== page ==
One of the herbs of choice of Asclepiades, a Greek physician who lived around 90 B.C., the word ‘Chamomile’ comes from the Greek words for ‘ground’ and ‘apple’ and is often translated as “Earth-apple.” It is believed the name comes from the scent of the flowers, which resembles the smell of fresh apples. When made into an essential oil, it has a spicy, relaxing scent and has proven healing and antiseptic properties.
Medical use and pharmacology – Alpha-bisobolol
Medicinally, chamomile is soothing for upset stomachs and irritable bowels, and is a gentle sleep aid. It is also known for its anti-inflammatory and bactericidal effects. Topical applications of chamomile in a cream or lotion promote wound healing and reduce scarring.
Scientists report anti-inflammatory, antispasmodic, antimicrobial, and mild sedative effects, which they believe mostly come from a component of the chamomile flower that chemists call “alpha-bisabolol.”
Alpha-bisabolol has also been shown to reduce fever and shorten the healing time of skin burns. Alpha-bisabolol is an antiseptic with anti-inflammatory properties when applied to skin. Alpha-bisabolol is the primary ingredient in the popular Paul Penders Cellular Renewal Serum.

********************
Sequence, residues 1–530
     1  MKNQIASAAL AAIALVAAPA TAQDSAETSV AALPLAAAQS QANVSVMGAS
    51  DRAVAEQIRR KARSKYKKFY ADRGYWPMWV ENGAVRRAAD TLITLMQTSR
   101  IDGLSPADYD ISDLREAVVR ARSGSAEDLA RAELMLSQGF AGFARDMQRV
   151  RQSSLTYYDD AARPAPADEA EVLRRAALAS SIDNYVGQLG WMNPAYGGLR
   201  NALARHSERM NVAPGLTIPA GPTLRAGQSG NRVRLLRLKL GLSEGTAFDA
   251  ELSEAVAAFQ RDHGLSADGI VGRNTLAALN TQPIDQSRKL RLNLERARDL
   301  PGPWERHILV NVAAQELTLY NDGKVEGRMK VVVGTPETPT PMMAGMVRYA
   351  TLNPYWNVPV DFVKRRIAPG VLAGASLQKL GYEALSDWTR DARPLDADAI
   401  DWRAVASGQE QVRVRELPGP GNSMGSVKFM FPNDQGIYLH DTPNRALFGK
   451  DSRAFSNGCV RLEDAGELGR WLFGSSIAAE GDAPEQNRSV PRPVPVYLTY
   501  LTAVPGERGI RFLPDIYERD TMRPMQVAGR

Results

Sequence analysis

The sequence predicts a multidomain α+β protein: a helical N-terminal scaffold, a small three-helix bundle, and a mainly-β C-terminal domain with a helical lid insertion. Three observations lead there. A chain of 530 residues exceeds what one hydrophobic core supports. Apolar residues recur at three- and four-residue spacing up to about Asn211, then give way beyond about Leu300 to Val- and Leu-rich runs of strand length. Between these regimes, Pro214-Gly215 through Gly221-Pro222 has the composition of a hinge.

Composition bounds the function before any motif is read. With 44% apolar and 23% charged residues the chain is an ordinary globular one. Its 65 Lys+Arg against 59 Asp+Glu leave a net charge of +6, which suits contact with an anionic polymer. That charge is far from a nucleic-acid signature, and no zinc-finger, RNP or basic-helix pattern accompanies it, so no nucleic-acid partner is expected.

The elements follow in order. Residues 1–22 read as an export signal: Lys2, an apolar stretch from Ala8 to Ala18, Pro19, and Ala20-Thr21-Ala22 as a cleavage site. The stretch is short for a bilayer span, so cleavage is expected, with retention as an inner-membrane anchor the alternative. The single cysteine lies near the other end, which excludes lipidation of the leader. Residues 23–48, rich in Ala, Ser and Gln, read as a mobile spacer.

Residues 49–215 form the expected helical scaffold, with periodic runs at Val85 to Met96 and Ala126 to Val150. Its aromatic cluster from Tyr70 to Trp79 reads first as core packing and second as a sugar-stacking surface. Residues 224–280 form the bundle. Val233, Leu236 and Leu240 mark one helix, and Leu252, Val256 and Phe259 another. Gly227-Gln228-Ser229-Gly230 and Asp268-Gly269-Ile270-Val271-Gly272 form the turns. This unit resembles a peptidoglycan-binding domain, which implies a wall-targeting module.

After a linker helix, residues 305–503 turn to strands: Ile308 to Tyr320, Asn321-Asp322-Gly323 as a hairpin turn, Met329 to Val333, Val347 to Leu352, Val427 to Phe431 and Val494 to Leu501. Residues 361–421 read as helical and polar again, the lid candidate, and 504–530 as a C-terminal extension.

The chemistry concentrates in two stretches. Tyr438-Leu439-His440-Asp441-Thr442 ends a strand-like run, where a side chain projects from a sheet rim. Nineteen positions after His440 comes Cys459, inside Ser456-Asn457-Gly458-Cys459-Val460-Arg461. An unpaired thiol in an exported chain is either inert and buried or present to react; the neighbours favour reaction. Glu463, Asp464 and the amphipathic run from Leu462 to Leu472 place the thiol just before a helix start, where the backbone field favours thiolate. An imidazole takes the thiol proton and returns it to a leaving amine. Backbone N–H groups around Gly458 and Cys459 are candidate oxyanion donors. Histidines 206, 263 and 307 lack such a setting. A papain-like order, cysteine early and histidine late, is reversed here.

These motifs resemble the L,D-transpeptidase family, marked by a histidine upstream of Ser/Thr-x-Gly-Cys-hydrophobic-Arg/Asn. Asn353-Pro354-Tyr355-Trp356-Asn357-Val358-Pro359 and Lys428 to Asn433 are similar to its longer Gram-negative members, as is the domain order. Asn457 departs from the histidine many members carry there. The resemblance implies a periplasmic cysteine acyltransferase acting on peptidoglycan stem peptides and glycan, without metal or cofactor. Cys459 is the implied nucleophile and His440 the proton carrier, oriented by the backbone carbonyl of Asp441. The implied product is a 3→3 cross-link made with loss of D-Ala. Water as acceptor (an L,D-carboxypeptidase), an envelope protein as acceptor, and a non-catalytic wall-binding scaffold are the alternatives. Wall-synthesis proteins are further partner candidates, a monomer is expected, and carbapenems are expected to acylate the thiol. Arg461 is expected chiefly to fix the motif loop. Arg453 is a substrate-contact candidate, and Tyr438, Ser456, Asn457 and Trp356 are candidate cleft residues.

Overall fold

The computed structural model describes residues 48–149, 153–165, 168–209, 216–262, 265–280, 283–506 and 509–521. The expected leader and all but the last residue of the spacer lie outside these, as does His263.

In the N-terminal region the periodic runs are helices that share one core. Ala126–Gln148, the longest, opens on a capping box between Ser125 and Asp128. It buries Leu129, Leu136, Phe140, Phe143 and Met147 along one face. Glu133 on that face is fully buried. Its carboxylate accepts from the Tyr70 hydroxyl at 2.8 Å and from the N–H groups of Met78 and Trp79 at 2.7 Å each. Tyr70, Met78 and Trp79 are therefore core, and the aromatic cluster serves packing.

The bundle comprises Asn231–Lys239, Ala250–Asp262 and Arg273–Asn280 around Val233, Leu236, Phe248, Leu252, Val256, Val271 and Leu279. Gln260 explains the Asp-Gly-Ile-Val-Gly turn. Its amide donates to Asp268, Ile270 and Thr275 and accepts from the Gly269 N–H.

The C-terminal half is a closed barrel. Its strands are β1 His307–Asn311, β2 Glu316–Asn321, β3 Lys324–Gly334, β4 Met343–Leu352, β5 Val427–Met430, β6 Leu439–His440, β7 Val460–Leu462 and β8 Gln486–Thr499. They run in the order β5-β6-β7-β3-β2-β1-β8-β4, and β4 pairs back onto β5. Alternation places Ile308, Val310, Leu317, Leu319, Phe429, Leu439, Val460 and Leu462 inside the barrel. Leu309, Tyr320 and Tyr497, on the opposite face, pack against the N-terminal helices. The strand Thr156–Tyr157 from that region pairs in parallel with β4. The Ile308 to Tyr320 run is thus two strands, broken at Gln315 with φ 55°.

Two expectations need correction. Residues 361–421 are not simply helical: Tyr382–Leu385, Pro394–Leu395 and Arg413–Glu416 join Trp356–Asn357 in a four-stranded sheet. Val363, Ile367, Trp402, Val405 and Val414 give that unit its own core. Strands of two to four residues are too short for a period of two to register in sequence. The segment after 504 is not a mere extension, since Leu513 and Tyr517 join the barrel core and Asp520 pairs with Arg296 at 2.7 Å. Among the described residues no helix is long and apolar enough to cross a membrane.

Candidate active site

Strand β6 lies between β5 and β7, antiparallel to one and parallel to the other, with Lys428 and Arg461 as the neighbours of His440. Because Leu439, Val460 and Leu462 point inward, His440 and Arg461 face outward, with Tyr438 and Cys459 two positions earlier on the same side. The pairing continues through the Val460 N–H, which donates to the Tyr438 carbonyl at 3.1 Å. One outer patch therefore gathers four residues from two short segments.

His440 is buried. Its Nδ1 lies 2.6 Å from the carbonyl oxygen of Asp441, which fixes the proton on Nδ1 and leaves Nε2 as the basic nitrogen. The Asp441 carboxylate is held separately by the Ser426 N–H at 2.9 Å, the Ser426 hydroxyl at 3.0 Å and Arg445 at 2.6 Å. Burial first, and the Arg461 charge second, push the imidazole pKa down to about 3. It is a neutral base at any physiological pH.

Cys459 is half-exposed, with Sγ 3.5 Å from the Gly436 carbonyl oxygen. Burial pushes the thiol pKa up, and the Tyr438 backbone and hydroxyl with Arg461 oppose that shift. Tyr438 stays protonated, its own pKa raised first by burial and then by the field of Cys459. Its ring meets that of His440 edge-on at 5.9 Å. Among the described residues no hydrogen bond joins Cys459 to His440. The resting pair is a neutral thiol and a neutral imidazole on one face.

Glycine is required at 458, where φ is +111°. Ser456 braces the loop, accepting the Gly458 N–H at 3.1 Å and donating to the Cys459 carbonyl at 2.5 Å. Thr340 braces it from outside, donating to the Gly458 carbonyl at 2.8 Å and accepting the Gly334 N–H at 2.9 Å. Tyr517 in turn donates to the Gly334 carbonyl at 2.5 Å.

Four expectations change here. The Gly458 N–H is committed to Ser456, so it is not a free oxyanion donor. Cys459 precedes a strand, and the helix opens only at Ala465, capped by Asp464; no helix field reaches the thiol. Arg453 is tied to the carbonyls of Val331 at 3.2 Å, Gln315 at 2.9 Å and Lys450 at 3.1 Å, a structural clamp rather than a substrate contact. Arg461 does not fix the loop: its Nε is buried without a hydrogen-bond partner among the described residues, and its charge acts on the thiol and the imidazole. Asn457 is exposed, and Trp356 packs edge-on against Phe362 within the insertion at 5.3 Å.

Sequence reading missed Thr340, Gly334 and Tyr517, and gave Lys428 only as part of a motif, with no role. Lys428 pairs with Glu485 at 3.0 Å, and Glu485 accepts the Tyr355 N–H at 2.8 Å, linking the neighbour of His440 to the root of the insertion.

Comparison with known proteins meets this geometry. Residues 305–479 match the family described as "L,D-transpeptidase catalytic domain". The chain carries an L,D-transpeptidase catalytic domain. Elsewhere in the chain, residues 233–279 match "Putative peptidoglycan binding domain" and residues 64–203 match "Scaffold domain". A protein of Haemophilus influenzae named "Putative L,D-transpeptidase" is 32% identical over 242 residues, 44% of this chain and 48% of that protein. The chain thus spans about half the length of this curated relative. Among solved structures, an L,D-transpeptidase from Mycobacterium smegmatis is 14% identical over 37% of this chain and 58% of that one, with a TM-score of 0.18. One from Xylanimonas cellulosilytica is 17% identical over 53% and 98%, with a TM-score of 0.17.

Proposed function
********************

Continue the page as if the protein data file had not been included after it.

Alpha Bisabolol Cell Renewal Serum
Cosmetic uses of chamomile
Chamomile is frequently added to skin cosmetics to serve as a moisturizer or emollient and for its anti-inflammatory effects, making skin firmer, smoother, and better hydrated. Chamomile Extract is also used as a natural skin-whitening agent. It helps by slowing down the transportation of melanin to the skin’s surface, as well as inhibiting UV-induced formation of skin pigment. The appearance of scars and stretch marks can be improved by applying chamomile-based skin products.
In hair products, chamomile is also often used to “bring out the blonde,” enhancing highlights and the color of blonde hair.
A few warnings
Allergic reactions are also possible, especially if you’re sensitive to ragweed. However, the potential is rated as “extremely rare contact allergy.” How rare? A survey by The Honest Herbal reports that between the years 1887 and 1982, only 50 allergies resulting from “chamomiles” were reported in the literature.
“Though the chamomile, the more it is trodden on, the faster it grows,
Because of its wonderful healing properties for the skin, chamomile is an integral part of Paul Penders’ unique patented herbal formula called LevensESSENTIE Gold®. Paul Penders also uses chamomile as a key ingredient for a number of skin, hair and body care products.
Watch this blog for more from the Paul Penders Organic Herbal Garden. Paul Penders products are formulated from organically grown herbs and flowering plants. Special cold blending and other scientific processes help retain the natural benefits of these gifts from Mother Nature.
Gleaming, shining, smooth as silk – your hair can be one of your most beautiful assets!
Ever have those days when you look in the mirror and your hair just seems lifeless, dull, even boring? What’s the difference between your day-to-day hair and all those models in the pictures with their highlights and super shine?